In software engineering, a monolithic application describes a single-tiered software application in which the user interface and data access code are combined into a single program from a single platform.
A monolithic application is self-contained, and independent from other computing applications. The design philosophy is that the application is responsible not just for a particular task, but can perform every step needed to complete a particular function. Today, some personal finance applications are monolithic in the sense that they help the user carry out a complete task, end to end, and are "private data silos" rather than parts of a larger system of applications that work together. Some word processors are monolithic applications. These applications are sometimes associated with mainframe computers.
In software engineering, a monolithic application describes a software application which is designed without modularity. Modularity is desirable, in general, as it supports reuse of parts of the application logic and also facilitates maintenance by allowing repair or replacement of parts of the application without requiring wholesale replacement.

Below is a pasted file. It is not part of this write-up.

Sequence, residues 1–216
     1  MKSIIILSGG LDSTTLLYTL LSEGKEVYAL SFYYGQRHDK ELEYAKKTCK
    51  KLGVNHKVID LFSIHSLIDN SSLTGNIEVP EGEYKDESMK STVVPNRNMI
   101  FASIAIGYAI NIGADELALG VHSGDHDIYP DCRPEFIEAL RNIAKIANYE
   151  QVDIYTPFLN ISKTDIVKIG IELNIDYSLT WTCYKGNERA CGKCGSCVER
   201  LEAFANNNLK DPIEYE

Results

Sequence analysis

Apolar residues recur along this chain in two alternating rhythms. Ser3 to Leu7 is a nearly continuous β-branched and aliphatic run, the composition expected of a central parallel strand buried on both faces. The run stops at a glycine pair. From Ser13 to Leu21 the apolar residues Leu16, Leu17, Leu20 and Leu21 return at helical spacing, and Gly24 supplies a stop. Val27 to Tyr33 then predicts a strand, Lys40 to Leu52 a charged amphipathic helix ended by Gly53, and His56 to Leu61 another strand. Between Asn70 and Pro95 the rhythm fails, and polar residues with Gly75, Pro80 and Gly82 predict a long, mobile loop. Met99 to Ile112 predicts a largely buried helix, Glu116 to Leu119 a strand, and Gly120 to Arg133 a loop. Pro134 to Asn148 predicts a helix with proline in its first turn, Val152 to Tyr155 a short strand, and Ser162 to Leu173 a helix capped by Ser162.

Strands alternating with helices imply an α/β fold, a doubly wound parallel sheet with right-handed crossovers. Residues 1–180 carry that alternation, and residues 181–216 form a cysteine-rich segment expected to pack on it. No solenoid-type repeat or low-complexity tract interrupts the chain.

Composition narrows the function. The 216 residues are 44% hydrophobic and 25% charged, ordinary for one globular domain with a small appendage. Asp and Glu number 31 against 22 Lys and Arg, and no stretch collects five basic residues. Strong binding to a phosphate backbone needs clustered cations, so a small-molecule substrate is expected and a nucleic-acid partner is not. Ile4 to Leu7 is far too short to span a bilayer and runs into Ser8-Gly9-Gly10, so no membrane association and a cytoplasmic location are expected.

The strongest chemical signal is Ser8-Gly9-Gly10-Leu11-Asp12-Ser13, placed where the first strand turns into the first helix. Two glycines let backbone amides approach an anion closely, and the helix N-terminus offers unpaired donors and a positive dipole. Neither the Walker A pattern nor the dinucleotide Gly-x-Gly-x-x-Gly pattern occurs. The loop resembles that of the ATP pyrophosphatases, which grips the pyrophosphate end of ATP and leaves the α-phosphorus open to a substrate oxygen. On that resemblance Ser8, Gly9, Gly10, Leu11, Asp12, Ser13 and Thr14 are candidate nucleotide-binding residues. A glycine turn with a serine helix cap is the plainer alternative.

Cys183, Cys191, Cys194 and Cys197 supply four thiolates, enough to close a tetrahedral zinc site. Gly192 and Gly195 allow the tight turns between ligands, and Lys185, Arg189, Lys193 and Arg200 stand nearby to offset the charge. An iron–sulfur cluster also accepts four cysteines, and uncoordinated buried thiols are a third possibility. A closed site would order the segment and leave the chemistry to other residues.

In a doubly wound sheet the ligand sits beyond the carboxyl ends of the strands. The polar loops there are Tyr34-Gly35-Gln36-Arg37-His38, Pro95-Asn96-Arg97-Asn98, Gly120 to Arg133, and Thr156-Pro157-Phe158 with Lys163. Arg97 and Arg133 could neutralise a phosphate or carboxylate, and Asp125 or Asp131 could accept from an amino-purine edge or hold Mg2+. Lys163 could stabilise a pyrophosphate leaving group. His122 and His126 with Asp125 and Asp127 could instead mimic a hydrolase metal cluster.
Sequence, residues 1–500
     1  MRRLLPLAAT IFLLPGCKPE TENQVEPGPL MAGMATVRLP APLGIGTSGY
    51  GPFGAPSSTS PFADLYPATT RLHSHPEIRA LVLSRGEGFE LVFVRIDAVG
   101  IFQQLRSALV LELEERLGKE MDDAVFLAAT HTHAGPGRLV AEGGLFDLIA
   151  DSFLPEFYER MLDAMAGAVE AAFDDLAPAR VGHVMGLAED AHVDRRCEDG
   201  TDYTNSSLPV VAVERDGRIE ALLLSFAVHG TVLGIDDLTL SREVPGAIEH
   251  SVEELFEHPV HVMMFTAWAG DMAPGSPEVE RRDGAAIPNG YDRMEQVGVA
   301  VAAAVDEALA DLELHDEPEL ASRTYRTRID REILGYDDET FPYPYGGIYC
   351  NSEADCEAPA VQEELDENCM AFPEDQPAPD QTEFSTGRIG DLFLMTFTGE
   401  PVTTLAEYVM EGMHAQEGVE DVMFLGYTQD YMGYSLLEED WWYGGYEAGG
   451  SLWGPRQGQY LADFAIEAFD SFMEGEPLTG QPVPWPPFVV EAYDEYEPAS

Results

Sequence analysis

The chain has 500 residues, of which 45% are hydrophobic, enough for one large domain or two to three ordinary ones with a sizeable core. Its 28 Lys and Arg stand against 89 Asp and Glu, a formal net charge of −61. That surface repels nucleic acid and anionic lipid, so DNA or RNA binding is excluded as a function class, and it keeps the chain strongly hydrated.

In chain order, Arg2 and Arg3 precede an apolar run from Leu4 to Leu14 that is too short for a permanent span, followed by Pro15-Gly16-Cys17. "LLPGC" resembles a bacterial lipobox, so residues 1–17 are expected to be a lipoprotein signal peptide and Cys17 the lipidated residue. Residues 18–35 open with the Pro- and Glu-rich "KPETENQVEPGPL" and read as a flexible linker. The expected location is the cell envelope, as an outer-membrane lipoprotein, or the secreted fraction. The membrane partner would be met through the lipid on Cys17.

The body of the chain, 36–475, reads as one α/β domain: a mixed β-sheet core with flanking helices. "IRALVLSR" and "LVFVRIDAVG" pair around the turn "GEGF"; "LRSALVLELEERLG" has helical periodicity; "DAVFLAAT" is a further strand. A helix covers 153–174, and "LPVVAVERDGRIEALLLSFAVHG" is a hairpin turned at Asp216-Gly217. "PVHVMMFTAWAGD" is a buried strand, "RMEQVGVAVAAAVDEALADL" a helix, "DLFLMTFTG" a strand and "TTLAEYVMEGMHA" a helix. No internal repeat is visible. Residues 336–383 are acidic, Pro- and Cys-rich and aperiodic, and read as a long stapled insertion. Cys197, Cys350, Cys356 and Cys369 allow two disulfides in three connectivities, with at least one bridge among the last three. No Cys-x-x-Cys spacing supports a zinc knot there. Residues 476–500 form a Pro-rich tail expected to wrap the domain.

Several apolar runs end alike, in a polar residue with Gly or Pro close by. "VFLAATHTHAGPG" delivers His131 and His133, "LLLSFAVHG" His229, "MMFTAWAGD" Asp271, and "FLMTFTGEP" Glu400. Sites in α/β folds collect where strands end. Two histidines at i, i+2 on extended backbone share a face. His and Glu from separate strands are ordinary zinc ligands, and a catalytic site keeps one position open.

Modularity is achieved to various extents by different modularization approaches. Code-based modularity allows developers to reuse and repair parts of the application, but development tools are required to perform these maintenance functions (e.g. the application may need to be recompiled). Object-based modularity provides the application as a collection of separate executable files which may be independently maintained and replaced without redeploying the entire application (e.g. Microsoft "dll" files; Sun/UNIX "shared object" files). Some object messaging capabilities allow object-based applications to be distributed across multiple computers (e.g. Microsoft COM+). Service-oriented architectures use specific communication standards/protocols to communicate between modules.
In its original use, the term "monolithic" described enormous main frame applications with no usable modularity. This – in combination with rapid increase in computational power and therefore rapid increase in the complexity of the problems which could be tackled by software – resulted in unmaintainable systems and the "software crisis".
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